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What is the impact of Gumboro (Infectious Bursal Disease) in the field?

25 January 2021, at 5:00pm

Nowadays, the flocks are challenged in the field by very virulent and variant strains of IBD in several countries, leading to clinical or sub-clinical form of the disease.

The impact of the Gumboro in the performance of the poultry flock is still high, and the cost of IBD has been very well documented in different publications in the last decade.

It has a direct impact on mortality, from 5% to 30%, depending on the degree of protection of the birds and the form of the disease (Rosenberger et al., 1986; Van den Berg, 1991). In subclinical cases, the flock income will be reduced, as a 10% reduction in profit due to weight loss and increased FCR (McIlroy, 1992).

See some of the impacts of clinical and sub-clinical Gumboro Disease:

  • Decrease in flock performance;
  • Increase of mortality rate;
  • Losses in feed conversion;
  • Decrease of weight gain;
  • Negative effects on the flock uniformity.

In terms of performance and economical impact, it is well established that Gumboro disease can result in the decrease of weight gain, as well increase the feed conversion, secondary infections, slaughterhouse condemnations, mortality and morbidity, leading to losses and decreased profitability.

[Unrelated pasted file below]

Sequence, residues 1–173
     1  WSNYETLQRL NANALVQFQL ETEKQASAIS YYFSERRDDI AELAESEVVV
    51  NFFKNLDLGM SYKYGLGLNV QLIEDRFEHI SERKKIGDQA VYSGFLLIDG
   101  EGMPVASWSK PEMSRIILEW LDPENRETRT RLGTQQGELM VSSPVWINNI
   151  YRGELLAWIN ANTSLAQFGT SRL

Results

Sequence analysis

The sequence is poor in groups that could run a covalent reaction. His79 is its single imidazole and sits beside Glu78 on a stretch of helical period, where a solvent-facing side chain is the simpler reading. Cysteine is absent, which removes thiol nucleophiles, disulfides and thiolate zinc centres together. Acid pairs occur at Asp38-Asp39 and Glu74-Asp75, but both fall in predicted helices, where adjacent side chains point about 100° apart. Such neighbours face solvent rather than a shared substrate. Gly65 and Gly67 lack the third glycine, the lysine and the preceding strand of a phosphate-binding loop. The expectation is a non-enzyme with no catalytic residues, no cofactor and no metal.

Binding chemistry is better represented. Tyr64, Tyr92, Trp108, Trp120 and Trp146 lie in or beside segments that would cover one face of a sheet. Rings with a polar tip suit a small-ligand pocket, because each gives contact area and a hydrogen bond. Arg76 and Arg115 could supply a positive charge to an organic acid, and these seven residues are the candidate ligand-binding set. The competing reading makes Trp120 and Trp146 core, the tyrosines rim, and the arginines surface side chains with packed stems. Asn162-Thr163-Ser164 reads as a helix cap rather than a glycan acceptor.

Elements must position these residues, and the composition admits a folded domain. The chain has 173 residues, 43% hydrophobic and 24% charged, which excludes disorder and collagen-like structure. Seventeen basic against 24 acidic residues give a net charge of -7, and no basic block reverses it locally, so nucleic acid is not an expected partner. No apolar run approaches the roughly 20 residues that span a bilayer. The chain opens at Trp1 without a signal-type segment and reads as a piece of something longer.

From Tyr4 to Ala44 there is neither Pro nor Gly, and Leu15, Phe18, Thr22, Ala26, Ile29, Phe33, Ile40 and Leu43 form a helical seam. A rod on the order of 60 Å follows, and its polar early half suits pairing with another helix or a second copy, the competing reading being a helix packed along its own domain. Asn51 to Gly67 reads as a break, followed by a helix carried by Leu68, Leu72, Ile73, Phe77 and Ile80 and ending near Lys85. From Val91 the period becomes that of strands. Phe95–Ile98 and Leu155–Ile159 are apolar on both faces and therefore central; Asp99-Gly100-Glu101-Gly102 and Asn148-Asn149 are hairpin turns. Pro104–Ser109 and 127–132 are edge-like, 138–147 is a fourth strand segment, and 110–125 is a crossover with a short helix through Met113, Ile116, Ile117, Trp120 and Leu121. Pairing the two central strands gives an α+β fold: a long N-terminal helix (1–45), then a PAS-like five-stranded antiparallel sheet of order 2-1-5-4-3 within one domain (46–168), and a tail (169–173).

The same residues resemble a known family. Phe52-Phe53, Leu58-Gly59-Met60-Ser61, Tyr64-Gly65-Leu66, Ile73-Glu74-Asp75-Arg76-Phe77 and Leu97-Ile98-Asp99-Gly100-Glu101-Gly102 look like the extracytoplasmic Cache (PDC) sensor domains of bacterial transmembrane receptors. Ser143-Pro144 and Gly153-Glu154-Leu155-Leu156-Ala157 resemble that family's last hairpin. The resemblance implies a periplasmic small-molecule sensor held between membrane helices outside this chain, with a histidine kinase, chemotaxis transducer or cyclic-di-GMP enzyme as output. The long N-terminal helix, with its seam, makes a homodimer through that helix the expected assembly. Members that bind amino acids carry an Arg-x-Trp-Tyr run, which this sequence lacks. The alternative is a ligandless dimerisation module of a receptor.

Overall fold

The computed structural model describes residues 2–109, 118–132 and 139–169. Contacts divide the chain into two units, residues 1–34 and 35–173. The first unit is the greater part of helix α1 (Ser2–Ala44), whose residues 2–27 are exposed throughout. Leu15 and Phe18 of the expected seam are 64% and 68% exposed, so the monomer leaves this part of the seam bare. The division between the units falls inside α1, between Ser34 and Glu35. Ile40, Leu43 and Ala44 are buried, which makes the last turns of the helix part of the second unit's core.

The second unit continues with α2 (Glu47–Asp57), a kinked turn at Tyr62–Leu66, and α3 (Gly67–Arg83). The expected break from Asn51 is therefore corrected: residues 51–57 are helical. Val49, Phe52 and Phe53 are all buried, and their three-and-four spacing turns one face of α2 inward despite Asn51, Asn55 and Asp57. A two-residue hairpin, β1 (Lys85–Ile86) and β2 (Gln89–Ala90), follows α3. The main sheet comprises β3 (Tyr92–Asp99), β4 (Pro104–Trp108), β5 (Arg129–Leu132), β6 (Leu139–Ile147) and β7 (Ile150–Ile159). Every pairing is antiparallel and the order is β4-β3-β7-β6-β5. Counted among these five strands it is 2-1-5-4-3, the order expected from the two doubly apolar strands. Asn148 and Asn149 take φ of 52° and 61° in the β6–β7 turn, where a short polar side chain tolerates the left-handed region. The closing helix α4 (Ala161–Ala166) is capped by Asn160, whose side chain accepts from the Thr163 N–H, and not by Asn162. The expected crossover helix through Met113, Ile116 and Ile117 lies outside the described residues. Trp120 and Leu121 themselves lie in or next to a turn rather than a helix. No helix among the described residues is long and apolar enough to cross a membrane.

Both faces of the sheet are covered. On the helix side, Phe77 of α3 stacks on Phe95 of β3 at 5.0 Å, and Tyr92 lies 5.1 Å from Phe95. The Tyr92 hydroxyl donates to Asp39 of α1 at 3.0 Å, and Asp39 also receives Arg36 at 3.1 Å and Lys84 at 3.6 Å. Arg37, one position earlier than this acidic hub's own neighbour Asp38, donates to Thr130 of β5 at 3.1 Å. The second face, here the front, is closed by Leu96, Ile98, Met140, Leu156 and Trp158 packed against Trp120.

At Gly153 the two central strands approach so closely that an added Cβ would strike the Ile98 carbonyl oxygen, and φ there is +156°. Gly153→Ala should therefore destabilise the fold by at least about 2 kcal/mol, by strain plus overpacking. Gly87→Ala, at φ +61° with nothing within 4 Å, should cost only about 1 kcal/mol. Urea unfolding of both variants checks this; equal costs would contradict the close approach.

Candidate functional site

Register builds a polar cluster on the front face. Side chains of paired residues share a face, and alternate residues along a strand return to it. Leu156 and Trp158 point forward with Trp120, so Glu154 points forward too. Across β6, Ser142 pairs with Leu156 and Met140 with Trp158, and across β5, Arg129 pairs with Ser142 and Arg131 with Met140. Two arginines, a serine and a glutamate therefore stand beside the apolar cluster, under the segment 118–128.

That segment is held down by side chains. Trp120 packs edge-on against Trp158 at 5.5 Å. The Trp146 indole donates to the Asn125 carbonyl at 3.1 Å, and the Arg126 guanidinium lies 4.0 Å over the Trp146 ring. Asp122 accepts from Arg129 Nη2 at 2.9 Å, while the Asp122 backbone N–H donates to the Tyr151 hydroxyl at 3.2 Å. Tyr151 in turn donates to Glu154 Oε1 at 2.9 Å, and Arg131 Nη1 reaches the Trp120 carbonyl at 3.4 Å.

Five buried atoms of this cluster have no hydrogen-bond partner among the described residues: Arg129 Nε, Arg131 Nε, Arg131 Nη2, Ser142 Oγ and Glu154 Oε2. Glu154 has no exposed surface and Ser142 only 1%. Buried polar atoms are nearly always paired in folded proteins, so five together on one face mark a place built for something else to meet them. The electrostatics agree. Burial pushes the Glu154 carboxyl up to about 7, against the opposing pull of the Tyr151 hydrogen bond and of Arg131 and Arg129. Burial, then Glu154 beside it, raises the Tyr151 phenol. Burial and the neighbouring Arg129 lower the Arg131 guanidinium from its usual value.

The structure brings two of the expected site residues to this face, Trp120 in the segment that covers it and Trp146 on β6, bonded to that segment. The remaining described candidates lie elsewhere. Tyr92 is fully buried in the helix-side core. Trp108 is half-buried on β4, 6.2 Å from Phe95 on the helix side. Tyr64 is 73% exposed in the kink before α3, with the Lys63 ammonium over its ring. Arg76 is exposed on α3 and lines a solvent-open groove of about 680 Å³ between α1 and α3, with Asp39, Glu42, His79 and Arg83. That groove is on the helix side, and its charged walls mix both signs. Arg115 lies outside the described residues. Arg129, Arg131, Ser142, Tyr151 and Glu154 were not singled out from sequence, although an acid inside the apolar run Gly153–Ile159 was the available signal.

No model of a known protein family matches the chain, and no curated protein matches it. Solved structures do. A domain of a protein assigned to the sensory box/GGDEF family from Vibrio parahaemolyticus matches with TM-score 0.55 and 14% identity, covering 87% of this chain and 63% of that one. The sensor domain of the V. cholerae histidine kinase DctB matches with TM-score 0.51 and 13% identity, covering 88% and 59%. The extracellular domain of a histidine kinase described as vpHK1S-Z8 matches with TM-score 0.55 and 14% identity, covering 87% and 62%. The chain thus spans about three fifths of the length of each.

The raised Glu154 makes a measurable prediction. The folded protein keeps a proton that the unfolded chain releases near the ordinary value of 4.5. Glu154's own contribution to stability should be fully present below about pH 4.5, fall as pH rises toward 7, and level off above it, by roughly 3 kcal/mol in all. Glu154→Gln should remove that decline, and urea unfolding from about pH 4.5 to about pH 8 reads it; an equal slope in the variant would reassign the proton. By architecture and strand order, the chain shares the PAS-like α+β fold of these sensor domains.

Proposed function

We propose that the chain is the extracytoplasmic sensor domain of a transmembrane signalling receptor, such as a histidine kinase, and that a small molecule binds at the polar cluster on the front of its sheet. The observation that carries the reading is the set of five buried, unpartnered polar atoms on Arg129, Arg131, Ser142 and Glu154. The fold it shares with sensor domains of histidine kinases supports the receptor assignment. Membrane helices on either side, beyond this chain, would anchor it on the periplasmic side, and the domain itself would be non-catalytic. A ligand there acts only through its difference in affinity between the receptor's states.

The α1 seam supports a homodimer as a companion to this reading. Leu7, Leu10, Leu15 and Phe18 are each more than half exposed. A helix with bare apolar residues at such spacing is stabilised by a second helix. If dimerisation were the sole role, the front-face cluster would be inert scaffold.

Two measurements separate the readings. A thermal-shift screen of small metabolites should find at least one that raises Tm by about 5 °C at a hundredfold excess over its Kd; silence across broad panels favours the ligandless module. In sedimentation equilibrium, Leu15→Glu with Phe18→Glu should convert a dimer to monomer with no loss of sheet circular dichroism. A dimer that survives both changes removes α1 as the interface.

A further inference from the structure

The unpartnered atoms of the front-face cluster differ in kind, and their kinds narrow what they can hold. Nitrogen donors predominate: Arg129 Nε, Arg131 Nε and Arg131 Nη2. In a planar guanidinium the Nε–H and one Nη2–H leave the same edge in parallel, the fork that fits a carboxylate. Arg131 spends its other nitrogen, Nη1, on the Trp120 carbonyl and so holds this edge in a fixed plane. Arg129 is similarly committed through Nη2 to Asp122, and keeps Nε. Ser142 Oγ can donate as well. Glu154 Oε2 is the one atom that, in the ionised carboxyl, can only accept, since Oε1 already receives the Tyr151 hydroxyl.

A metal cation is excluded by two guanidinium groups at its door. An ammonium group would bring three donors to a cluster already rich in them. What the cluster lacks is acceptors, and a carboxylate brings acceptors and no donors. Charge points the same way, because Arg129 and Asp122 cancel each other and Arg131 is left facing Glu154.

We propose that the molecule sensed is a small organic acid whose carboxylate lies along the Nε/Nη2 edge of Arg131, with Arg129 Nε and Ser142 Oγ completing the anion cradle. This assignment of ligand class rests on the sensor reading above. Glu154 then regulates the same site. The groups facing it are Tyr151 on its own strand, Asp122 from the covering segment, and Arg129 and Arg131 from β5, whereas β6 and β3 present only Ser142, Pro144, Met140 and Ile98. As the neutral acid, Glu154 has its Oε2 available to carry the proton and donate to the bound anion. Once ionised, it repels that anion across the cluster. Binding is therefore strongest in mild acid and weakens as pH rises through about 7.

Considering the effects observed due the Gumboro Disease, it is possible to calculate some financial impacts, or in other words, the cost of infection. Below you will find the economic analysis of the cost of infection in some situations (considering a production operation of 100.000 broilers per day, with flocks of 30.000 broilers each):

  • In a situation where 10% of the flocks has the subclinical infection, and as an average of 10% increase of feed conversion on these flock;
  • Increase of general feed conversion,
    • Of 1 point: from 1,60 to 1,61;
    • Of 3 points: from 1,60 to 1,63;
    • Of 5 points: from 1,60 to 1,65.
  • Increase of 0,5% of mortality (example from 4% to 4,5%)

For all this situations, that are commonly occurring in the field it is possible to note the high economic impact, and directly impacting as well the profitability of the poultry production.

So, to control the Gumboro disease, as a resident disease, vaccination should be used with 2 main objectives: protect the chickens and prevent the challenge.

The vaccination program should aim to stop the Gumboro cycle.

Other factors that should be observed for optimal short-term and long term control of Gumboro Disease include biosecurity, cleaning & disinfection, and achieving passive immunity.

To know more, access the Gumboro Disease webpage, and www.transmune.com